Possible Link between Nerve Inflammation in the Brain and Chronic Fatigue Syndrome

Posted on February 16, 2016 by Disability Help Group

Chronic fatigue syndrome (CFS) causes extreme (sometimes debilitating) fatigue for unknown reasons. But a new, small study out of Japan might provide some insight.

Researchers from RIKEN Center for Life Science Technologies in Hyogo, Japan, studied nine patients with CFS. They underwent a brain scan, which showed inflammation of certain nerve cells in parts of the brain connected to fatigue and other symptoms of CFS. The scans also found a link between the severity of the condition and the levels of inflammation.

If there is anything to these results, it may help explain the severity of this condition in some people. But it’s not clear if the inflammation occurred at the onset of the disease or if it was a result of it. Larger studies are necessary to verify a link between nerve inflammation and CFS.

Fatigue isn’t the only symptom that patients with CFS may experience. It’s oftentimes accompanied by joint/muscle pain, insomnia, headache, cognitive difficulties and sore throat. The culmination of these symptoms can make it difficult to carry on with daily life. Not only to perform routine tasks, but to work as well.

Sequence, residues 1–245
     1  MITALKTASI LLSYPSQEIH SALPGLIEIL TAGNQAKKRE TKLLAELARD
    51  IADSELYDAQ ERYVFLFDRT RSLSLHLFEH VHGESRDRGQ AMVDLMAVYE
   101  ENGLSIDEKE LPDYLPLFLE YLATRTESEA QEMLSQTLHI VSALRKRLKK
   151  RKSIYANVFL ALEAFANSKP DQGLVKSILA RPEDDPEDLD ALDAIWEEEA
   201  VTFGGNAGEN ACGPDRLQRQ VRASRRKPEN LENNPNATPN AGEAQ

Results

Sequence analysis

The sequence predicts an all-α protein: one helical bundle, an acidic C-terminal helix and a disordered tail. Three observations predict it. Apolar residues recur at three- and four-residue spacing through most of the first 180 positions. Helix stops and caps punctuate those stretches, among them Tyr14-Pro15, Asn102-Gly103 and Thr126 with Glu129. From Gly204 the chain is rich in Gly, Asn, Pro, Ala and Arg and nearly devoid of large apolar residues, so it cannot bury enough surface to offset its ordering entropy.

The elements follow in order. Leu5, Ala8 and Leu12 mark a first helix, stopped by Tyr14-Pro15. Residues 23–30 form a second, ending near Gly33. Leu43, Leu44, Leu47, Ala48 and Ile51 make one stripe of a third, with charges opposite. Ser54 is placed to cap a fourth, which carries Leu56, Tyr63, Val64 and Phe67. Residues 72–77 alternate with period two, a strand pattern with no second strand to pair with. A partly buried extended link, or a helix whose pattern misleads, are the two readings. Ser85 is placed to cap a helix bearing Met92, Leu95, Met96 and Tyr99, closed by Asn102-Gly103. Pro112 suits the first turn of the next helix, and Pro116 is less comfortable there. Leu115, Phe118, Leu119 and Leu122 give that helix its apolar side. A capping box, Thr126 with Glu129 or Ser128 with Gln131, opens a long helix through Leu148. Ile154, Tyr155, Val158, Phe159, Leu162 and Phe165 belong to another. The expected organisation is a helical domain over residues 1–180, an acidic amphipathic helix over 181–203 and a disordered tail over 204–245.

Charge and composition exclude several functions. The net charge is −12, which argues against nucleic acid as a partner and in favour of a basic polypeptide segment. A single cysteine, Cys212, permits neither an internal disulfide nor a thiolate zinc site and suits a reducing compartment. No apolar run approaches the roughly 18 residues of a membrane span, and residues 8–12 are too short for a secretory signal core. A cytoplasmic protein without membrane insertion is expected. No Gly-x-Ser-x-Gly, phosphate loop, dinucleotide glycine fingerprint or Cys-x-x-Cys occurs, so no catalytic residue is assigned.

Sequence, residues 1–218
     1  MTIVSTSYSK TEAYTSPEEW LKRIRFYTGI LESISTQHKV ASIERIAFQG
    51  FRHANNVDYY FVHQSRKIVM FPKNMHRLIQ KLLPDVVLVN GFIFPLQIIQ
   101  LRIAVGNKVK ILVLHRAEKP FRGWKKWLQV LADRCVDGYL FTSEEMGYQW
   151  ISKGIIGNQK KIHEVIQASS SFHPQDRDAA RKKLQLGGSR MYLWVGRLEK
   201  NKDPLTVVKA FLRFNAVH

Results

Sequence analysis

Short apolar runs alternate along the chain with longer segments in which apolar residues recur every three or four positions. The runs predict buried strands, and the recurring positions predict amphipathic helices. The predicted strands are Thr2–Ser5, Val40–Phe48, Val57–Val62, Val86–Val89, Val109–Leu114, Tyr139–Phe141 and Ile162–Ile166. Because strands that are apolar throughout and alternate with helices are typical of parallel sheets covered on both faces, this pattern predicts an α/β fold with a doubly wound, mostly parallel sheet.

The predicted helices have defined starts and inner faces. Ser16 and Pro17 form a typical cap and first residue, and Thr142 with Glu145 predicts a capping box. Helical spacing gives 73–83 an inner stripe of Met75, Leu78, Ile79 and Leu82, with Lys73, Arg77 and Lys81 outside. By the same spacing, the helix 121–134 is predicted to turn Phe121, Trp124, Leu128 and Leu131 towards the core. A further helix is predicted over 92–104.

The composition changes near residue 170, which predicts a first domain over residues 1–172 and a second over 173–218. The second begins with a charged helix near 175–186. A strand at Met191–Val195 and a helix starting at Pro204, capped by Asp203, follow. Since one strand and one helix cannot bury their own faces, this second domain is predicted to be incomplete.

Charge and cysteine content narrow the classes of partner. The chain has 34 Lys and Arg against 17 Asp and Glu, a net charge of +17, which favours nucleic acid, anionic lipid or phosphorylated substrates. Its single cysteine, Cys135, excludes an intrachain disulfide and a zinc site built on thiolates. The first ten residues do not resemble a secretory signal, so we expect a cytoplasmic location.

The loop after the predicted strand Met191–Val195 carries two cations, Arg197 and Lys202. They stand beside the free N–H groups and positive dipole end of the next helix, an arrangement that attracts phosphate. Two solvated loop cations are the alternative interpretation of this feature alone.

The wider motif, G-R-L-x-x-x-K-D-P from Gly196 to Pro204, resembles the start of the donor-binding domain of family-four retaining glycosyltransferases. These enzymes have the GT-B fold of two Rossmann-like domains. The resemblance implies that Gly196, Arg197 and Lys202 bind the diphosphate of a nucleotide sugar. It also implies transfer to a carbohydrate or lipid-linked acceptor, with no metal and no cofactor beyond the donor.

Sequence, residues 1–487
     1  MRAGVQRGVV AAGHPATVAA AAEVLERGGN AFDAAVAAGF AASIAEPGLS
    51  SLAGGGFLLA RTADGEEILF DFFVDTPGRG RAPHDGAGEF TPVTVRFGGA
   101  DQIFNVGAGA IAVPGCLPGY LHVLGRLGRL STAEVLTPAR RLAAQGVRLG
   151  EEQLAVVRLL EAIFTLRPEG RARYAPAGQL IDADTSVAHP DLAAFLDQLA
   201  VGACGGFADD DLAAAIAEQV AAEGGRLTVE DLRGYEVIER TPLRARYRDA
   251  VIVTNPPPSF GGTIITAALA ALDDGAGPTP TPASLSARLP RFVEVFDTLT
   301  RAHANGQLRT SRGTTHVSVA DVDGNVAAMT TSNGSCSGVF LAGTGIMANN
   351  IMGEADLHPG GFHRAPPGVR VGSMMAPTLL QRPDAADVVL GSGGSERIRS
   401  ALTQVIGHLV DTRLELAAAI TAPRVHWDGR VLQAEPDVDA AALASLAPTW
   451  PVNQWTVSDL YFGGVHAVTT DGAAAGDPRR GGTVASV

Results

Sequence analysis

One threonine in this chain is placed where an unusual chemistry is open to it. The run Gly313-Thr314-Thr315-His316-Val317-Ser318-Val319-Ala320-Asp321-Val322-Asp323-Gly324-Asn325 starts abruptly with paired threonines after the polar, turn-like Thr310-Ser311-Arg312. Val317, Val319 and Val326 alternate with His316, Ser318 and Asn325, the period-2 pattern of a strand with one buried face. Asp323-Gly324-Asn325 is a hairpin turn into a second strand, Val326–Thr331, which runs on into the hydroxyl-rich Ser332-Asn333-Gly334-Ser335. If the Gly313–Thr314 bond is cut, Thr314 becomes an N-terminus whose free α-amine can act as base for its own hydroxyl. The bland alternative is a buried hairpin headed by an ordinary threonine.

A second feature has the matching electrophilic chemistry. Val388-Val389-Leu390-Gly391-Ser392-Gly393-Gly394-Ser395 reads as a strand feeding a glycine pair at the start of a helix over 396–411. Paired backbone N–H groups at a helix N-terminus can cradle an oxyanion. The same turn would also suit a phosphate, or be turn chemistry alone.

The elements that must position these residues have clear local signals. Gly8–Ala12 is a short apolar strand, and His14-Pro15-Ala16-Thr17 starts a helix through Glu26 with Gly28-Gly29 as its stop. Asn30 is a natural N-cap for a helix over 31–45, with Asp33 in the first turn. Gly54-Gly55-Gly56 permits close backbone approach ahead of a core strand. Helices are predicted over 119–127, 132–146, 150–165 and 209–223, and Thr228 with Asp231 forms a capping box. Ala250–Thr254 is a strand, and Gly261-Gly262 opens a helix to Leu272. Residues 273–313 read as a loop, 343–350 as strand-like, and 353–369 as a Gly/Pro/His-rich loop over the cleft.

This type of condition may qualify for Social Security disability benefits. But it’s challenging to prove you’re unable to work because of the symptoms. Anyone seeking disability benefits must complete a Residual Functioning Capacity assessment. This shows how the disease impacts the applicant’s ability to perform specific types of job tasks.

Also, medical records must show the presence of at least four symptoms that have affected the person for at least six months. Proving this requires ample documentation.

Because of the challenges, consult with a representative for legal help and guidance. At Disability Help Group, we can help assemble the evidence and file an initial claim or appeal a denied claim. Call us at 1-(800)-800-3332.